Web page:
Bounty Hunter

Bounty Hunter

If you watched shows like “One for the Money” and “The Fall Guy”, you must have nurtured a secret desire of being a bounty hunter at some point? Bounty hunting may not be exactly a cakewalk. However, it is quite an exciting job that can be quite lucrative for people with the right training and aptitude.

Who is a Bounty hunter?

The term refers to professionals who are paid to track down convicts and lawbreakers for a bounty or financial reward. In the field of bail, the word “bounty hunter” refers to bail recovery agents who hunt down defendants who have jumped bail and escaped trial. They are entrusted to spot such people and bring them to court.

Bounty hunting professionals are also known as “Bond Enforcement Agents”. The profession is backed by the 1872 Taylor v. Taintor Supreme Court case.

Is Bounty Hunting Legal?

This is a legal profession, although it is acknowledged only in the U.S and the Philippines. It is not recognized as a legal activity in any other country of the world.

How Bounty hunters Work?

Generally, these people have greater authority to arrest a “bail jumper” than any other law enforcement agent. Once a defendant signs a bail bond, he or she technically enters into a legal agreement. According to this document, they can be arrested by bail agent and taken to any state if they jump bail.

Once a defendant “jumps” bail and escapes trial, the bail bondsman who paid for his release contacts a Bounty hunter. The person is handed over a copy of the “bail piece”, which is a document indicating that the defendant is a fugitive. In some states, the person is provided with a certified copy of the bail bond. This authorizes the bail recovery agent with great power. With such authority, a bounty hunter can:

  • Arrest a person without a warrant
  • Arrest a fugitive without reading Miranda Rights to him or her
  • Enter a private property without announcing themselves

However, there are also certain rules and regulations that a bail recovery agent must abide by. While they can enter into the home of a person unannounced, they can only do so after they have made sure that the fugitive lives or has taken refuge there. They are not authorized to enter the homes of family members or friends of a fugitive only out of suspicion.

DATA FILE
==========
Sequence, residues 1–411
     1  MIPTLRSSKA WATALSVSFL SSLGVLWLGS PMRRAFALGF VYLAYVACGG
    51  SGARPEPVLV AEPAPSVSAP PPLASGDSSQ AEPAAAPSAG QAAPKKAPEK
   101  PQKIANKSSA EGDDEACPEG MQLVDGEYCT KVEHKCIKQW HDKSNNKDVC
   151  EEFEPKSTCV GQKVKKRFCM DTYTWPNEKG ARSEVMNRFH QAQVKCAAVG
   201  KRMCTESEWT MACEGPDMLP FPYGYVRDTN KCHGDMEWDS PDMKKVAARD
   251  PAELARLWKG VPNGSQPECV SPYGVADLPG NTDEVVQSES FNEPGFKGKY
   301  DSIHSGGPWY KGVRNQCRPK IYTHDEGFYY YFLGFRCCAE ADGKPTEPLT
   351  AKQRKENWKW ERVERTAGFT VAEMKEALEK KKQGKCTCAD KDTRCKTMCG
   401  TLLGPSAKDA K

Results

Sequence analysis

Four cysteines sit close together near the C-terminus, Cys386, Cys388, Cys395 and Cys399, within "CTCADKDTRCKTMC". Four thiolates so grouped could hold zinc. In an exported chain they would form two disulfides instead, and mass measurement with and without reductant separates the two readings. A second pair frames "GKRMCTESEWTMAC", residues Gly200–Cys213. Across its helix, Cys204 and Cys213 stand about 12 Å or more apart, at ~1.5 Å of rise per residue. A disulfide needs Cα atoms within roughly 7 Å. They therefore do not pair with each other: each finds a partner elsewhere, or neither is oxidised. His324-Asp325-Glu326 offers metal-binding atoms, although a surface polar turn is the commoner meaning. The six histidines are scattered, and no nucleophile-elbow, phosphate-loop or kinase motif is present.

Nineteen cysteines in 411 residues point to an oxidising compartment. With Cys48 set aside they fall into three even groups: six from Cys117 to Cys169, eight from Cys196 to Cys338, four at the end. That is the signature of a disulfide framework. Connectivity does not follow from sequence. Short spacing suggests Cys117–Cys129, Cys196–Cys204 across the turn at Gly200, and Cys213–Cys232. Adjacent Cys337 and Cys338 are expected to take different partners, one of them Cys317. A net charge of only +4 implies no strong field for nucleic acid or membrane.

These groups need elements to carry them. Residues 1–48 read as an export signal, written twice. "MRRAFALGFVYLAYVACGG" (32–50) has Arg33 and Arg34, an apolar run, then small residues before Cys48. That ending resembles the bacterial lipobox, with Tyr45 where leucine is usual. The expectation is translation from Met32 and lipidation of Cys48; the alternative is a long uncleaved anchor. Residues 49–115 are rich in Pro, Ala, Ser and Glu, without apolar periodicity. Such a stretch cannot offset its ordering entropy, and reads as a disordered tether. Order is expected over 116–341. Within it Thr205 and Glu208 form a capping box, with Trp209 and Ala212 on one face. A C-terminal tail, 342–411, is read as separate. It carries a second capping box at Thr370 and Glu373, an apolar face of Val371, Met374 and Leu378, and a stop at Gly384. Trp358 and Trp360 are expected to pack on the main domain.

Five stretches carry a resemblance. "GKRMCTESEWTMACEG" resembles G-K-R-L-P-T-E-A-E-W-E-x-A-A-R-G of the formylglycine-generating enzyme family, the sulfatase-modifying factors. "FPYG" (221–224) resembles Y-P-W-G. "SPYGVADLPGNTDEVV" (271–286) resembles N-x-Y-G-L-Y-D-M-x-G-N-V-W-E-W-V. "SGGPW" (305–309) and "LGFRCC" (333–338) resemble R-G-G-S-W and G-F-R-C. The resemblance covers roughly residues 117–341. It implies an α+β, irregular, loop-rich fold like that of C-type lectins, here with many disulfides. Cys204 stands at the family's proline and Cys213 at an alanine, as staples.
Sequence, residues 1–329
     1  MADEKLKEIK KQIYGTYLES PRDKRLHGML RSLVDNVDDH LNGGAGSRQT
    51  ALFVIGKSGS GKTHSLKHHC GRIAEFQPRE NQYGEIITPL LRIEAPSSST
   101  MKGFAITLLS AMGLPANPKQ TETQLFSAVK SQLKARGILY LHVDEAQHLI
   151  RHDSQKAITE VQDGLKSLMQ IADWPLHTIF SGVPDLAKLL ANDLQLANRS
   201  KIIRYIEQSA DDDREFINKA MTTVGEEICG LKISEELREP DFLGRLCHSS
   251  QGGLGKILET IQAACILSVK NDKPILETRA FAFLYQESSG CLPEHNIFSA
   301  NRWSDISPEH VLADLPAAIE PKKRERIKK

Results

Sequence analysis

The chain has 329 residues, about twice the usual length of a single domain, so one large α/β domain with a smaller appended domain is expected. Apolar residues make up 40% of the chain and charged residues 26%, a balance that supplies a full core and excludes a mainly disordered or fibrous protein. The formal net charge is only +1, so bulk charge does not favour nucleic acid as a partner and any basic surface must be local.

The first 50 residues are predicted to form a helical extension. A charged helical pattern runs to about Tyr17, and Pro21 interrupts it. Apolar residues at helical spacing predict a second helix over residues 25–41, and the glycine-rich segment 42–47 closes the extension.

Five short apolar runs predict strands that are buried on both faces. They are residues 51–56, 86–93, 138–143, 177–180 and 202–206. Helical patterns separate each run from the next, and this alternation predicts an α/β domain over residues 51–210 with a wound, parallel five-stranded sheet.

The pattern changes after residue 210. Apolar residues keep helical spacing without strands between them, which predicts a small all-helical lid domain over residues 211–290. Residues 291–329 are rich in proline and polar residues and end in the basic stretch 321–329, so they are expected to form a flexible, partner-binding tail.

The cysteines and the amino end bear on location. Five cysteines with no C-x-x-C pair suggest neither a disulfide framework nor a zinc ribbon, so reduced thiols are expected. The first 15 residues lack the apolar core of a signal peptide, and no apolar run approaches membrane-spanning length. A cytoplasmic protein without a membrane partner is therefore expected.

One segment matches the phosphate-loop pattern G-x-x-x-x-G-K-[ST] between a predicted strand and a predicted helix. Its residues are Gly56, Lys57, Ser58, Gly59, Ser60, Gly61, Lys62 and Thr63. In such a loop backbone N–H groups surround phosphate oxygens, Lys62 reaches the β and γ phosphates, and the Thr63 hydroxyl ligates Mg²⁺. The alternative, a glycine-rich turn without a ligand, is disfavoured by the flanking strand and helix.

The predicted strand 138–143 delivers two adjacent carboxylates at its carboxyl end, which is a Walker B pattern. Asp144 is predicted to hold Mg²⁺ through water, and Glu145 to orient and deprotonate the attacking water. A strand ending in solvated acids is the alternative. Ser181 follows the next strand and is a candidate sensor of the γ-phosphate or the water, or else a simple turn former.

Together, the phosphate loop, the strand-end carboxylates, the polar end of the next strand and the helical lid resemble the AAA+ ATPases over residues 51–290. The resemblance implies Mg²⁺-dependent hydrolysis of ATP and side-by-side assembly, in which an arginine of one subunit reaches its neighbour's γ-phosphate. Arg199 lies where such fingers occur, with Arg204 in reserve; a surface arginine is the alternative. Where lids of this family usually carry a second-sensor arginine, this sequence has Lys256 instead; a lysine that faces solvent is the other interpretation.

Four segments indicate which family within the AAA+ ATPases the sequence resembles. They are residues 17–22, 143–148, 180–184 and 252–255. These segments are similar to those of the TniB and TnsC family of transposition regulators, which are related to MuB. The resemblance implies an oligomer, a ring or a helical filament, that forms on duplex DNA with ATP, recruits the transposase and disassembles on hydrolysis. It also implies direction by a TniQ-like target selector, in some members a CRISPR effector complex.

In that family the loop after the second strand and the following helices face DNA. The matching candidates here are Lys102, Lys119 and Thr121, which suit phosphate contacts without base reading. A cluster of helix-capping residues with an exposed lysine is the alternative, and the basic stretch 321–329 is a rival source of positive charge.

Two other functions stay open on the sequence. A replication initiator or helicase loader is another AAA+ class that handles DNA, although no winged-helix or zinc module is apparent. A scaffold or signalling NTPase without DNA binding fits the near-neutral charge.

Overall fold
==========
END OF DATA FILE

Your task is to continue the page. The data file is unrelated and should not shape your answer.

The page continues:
Bounty hunting professionals are allowed to search the mails of the fugitive and trace his/her telephone calls to know about the whereabouts. They may also talk to the people in the locality of the defendant who might have seen the person.

Generally, such professionals operate as an agent of a bail agent (bondsman) and receive a contingency fee once they successfully apprehend a bail jumper and return him/her to authorities in the proper jurisdiction.

Are Bounty hunters licensed?

Not all of them have a license for carrying out operations. In some U.S states, bail recovery agents require a license. Some states require bounty hunters only to register with them to operate. Only a few states like Oregon, Kentucky and Illinois prohibit these professionals from arresting defendants who have jumped bail. Bounty hunters require a court order to operate in such states. The judge usually orders the local police to make the arrest.

Bounty hunters are also unauthorized to take their fugitives outside the boundaries of U.S. If they are found to wander across international borders, they can be arrested or even shot.

How to be a Bounty Hunter?

You have to get necessary training to obtain to become a bail bonds recovery agent. Degrees are not required to become professionals in bounty hunting. However, you can get yourself enrolled in any of the independent, state-certified schools that train bail enforcement agents. You should get adequate knowledge of law enforcement and military or self defense training to carry out your job as safely as you can.